Taxation is an anaethma to game designers, who react to the idea of taxes the way that most modern people do:  with the idea that it is "not fun."  However, regular taxation in the medieval sense is the perfect solution to pack ratting and hoarding, and a great way to deal with hyperinflation.  The feudal system of taxation was not based on income, as it is in modern America.  Instead, a tax collector (or the sheriff) comes out to your house, or into your boarding room, with a couple of legbreakers, estimates the value of all your stuff, and assesses a tax based on your total estimated net worth.  This means that if you have the prototypical house full of useless but pricey junk, you will pay a significant tax.  If you don’t have the cash to cover it, he grabs some of your stuff instead (usually stuff of a higher value than what you owe).  Assuming you have an offline activity system,  this property tax is collected at regular intervals regardless of your online status, getting around the old standby system of "mules that hold all your crap for you."  One might always try to smuggle or otherwise conceal one’s possessions, but then they run the risk of having it all confiscated (if hidden within the protectorate of the local nobility) or having it stolen from you (if outside the protectorate).  One might also attack the tax collector if this is feasable, but then he is subject to strict penalties under the justice system (see "Justice Systems for Persistent Worlds").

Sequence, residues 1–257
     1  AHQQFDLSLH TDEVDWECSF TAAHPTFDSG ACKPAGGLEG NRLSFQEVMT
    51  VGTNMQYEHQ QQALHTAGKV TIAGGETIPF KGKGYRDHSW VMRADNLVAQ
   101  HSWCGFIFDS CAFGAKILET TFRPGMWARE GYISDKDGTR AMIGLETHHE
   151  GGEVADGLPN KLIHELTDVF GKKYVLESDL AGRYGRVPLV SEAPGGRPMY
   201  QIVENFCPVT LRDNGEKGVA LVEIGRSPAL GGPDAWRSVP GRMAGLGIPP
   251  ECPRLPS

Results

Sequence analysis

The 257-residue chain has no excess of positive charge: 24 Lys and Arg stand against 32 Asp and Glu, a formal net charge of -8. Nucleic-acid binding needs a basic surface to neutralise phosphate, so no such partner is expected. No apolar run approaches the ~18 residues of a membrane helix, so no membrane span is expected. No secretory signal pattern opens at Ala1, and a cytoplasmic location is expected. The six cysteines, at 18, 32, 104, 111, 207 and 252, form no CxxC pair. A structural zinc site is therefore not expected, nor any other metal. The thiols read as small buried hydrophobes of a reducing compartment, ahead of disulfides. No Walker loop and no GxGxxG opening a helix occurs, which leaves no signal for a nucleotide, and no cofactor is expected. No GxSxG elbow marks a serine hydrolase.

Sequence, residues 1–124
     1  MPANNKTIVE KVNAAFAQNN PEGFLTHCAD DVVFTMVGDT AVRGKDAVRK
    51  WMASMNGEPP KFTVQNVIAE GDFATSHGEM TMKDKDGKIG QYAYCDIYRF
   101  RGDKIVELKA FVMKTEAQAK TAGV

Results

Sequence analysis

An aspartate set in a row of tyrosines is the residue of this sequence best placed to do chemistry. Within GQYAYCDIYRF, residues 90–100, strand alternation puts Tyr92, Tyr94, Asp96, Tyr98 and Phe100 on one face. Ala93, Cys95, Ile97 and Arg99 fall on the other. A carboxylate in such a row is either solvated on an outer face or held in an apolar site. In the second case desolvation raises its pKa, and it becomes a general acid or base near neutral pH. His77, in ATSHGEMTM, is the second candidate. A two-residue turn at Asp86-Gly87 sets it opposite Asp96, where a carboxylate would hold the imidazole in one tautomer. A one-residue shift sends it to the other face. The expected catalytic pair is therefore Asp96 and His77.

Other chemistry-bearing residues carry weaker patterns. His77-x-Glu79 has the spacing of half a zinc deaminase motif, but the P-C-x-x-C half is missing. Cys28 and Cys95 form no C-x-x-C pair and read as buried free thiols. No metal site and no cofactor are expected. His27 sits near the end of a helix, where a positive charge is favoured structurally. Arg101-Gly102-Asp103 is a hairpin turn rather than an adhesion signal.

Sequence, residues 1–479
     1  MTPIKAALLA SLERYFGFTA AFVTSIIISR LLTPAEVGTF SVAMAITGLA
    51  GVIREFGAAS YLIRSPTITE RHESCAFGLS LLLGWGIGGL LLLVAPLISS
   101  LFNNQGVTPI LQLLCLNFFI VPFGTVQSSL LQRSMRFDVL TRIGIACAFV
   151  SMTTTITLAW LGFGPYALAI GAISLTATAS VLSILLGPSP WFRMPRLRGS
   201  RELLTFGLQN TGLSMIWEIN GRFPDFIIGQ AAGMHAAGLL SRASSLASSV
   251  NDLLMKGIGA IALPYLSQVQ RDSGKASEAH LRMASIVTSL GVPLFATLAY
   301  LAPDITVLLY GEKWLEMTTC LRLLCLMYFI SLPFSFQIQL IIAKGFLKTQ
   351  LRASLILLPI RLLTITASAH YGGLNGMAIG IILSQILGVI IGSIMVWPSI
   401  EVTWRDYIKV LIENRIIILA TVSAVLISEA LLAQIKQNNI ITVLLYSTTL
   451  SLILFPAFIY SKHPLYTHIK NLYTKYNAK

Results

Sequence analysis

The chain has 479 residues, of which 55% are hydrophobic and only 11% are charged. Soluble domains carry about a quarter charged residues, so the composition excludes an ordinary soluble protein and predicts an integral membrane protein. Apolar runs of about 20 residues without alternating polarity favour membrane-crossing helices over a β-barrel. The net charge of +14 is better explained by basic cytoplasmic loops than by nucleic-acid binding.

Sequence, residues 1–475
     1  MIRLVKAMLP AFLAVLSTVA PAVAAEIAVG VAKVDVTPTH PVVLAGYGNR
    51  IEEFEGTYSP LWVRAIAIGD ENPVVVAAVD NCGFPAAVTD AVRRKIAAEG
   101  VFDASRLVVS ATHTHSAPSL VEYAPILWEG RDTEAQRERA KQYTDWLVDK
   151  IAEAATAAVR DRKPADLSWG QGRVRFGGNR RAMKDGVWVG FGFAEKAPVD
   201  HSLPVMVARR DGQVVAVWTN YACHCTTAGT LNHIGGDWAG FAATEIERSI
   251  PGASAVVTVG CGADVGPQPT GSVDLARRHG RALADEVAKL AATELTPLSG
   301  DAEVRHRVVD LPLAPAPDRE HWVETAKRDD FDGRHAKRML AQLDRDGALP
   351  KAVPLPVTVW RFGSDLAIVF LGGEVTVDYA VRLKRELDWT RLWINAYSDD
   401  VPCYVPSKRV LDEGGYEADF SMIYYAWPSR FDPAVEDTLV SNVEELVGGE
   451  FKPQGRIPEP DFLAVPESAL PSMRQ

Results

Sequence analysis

Taxes can be applied in other ways to control the massive income potential of someone who plays the game for coin 24/7.  Entering a typical medieval town without special disposition usually entailed a head tax for each person and each animal.  Entering town with a whole bunch of coin and other goods usually entailed an additional tax on the stuff you were introducing into the economy.  Different city-states generally used different systems of coin, and so your stack of crowns from Aramica needs to be changed for doubloons in Portsmouth if you want to buy anything, usually at usurious rates.  (Historically, it was often illegal to even be in possession of external currencies, and this was subject to heavy fines.)  Once again, one can try to smuggle goods between towns, with the risk of repercussions appropriate to smuggling (confiscation at the very least, and possibly fines and/or jailing if the material is considered a controlled substance).

Taxes can be used as a balancing device to more effectively apply the "zero sum rule" to differing city-states.  A realistically conceived community’s services are based directly on how much food it can produce, and how many people are there.  A small village may have very low taxes of its own, but most of its populace is out in the fields harvesting food, so there aren’t many services available, maybe a general store with limited inventory, an inn that doubles as a tavern, and a stable attached to the inn.  As the size of the community grows, you have more "excess people" who are not required to be in the fields, and are therefore able to open more specialized and better shops, and practice more trades.  You also begin to run into problems like sanitation, crime and protection from raiders, and you need city services to provide for sewers, aldermen, and a militia, ergo you need higher taxes.  By the time you have a city capable of supporting things like a weapons dojo and a university of magical arts, your population is large enough to require even more services, and a bunch of officials to make sure they run properly.  If a player really feels he needs to be in Avalon because they have great shops and a school of thaumaturgy, his cost of living is going to be high, including his taxes.  (He can always try to camp outside the city limits and come in for classes, but he’s still paying a head tax for immigration, and will be susceptible to bandits.)